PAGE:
8 Best Movies From Japan On Criterionchannel

Staff & contributors

Edward Yang’s masterful and lush Yi Yi follows the lives of the Jian family and their respective, middle-class worries. The father agonizes over a business deal and, at the back of his mind, an old flame. The mother struggles with emptiness, the daughter with sensuality, and the son with his burgeoning artistry. In the periphery are other family members trying to get by as best they can despite having no certain future to look forward to. The story, which is bookended with life and death, is punctuated with these lingering anxieties but also, crucially, with moments of potent, profound joys. 

The premise seems simple, but Yang weaves a breathtaking epic out of the mundane. The mise-en-scene is immersive, the dialogue delicate, and the direction effectively real. The understated elegance of each piece coming together to build a rich whole is what makes YiYi Yang’s legacy to the world of cinema.

Koreeda is a master of the tender gaze. He deals so softly, elegantly, and emphatically with the characters in his films, it will make you feel like you're watching life itself in all its complex, emotional splendor. Maybe this is particularly true for this movie because it has been inspired by Koreeda's memories of his own childhood and the passing of his mother. Still Walking is a quietly toned movie spanning a period of 24 hours in the life of the Yokoyama family, as they gather to commemorate the passing of their eldest son. At the center of the story is the father, an emotionally distant man who commands respect both from his family and community. Opposite from him sits the other son, the black sheep, who seeks his father's validation. Directed, written, and edited by Koreeda, this dynamic is one of many in this slice-of-life movie about how families deal with loss. And, however distant the culture or setting in Japan may seem to the outsider, you're bound to recognize either yourself or your family among the tender scenes of this masterful drama.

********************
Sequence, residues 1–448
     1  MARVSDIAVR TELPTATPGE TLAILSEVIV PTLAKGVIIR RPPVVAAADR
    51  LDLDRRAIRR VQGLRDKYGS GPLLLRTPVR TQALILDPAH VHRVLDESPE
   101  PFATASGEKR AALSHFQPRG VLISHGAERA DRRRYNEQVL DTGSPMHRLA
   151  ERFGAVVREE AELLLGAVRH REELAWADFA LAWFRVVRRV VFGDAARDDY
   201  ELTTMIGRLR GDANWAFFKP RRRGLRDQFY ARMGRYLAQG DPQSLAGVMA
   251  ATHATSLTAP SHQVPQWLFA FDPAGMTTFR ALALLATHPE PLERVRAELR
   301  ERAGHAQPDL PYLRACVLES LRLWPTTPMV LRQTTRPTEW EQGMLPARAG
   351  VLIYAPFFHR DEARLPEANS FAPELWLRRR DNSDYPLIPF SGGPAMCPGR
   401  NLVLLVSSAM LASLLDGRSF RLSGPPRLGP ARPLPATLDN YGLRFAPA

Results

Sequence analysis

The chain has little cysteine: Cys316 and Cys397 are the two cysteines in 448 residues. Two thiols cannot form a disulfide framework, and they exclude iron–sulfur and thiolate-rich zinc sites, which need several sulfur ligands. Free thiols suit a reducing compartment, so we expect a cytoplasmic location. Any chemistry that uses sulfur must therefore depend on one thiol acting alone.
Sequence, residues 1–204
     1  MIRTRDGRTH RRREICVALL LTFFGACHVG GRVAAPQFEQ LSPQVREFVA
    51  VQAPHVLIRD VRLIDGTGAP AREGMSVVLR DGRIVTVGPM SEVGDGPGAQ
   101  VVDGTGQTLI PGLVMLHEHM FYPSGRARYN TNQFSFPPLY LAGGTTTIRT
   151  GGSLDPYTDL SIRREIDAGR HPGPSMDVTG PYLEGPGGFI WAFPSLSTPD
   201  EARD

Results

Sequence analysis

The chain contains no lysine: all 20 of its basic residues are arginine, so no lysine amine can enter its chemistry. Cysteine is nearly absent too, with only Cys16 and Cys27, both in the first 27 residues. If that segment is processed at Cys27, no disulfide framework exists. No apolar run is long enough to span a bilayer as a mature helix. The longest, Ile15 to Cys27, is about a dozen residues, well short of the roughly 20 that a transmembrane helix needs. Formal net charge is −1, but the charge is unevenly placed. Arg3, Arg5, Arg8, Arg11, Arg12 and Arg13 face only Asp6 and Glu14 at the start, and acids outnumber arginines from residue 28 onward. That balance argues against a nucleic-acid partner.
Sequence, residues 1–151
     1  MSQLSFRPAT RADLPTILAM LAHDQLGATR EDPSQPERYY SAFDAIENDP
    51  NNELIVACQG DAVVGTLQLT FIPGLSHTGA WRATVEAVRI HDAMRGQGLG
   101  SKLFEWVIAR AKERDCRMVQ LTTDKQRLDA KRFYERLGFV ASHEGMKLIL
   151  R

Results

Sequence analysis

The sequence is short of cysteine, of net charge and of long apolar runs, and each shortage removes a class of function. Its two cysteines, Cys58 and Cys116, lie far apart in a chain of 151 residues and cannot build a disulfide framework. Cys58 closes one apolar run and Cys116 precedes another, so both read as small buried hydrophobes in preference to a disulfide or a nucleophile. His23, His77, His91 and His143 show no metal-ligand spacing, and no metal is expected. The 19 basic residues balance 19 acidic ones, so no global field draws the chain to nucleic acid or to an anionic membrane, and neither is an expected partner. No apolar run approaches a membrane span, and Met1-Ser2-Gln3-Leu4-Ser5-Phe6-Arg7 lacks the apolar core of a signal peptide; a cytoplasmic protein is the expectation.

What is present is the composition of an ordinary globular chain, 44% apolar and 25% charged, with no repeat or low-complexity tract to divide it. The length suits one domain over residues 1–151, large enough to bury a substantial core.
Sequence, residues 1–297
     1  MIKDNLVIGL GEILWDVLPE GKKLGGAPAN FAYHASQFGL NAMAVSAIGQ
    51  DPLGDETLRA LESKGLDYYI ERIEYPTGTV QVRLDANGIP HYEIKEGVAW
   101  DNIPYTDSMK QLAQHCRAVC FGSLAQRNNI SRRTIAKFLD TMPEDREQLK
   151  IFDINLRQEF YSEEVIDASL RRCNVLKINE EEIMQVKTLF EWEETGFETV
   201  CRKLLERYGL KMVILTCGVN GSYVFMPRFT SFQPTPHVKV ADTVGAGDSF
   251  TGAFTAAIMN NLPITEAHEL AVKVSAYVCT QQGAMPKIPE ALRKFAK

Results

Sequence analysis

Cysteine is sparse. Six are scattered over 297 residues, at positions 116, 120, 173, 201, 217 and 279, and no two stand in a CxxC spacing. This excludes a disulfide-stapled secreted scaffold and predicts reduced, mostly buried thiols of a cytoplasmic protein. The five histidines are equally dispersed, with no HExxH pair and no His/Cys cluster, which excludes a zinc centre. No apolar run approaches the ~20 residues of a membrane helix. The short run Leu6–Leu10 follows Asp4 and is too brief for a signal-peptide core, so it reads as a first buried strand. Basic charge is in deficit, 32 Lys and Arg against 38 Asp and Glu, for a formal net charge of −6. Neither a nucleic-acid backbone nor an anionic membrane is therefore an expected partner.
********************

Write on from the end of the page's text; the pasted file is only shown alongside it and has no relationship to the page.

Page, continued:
From Drive My Car director Ryusuke Hamaguchi comes another film featuring long drives, thoughtful talks, and unexpected twists. An anthology of three short stories, Wheel of Fortune and Fantasy ponders over ideas of love, fate, and the all-too-vexing question, “what if?” 

What if you didn’t run away from the one you love? What if you didn’t give in to lust that fateful day? What if, right then and there, you decide to finally forgive?

Big questions, but without sacrificing depth, Hamaguchi does the incredible task of making every single second feel light and meaningful. Wheel of Fortune and Fantasy will leave you with mixed emotions: excited, startled, dejected, hopeful. But one thing you won’t feel is regret over watching this instant classic of a film.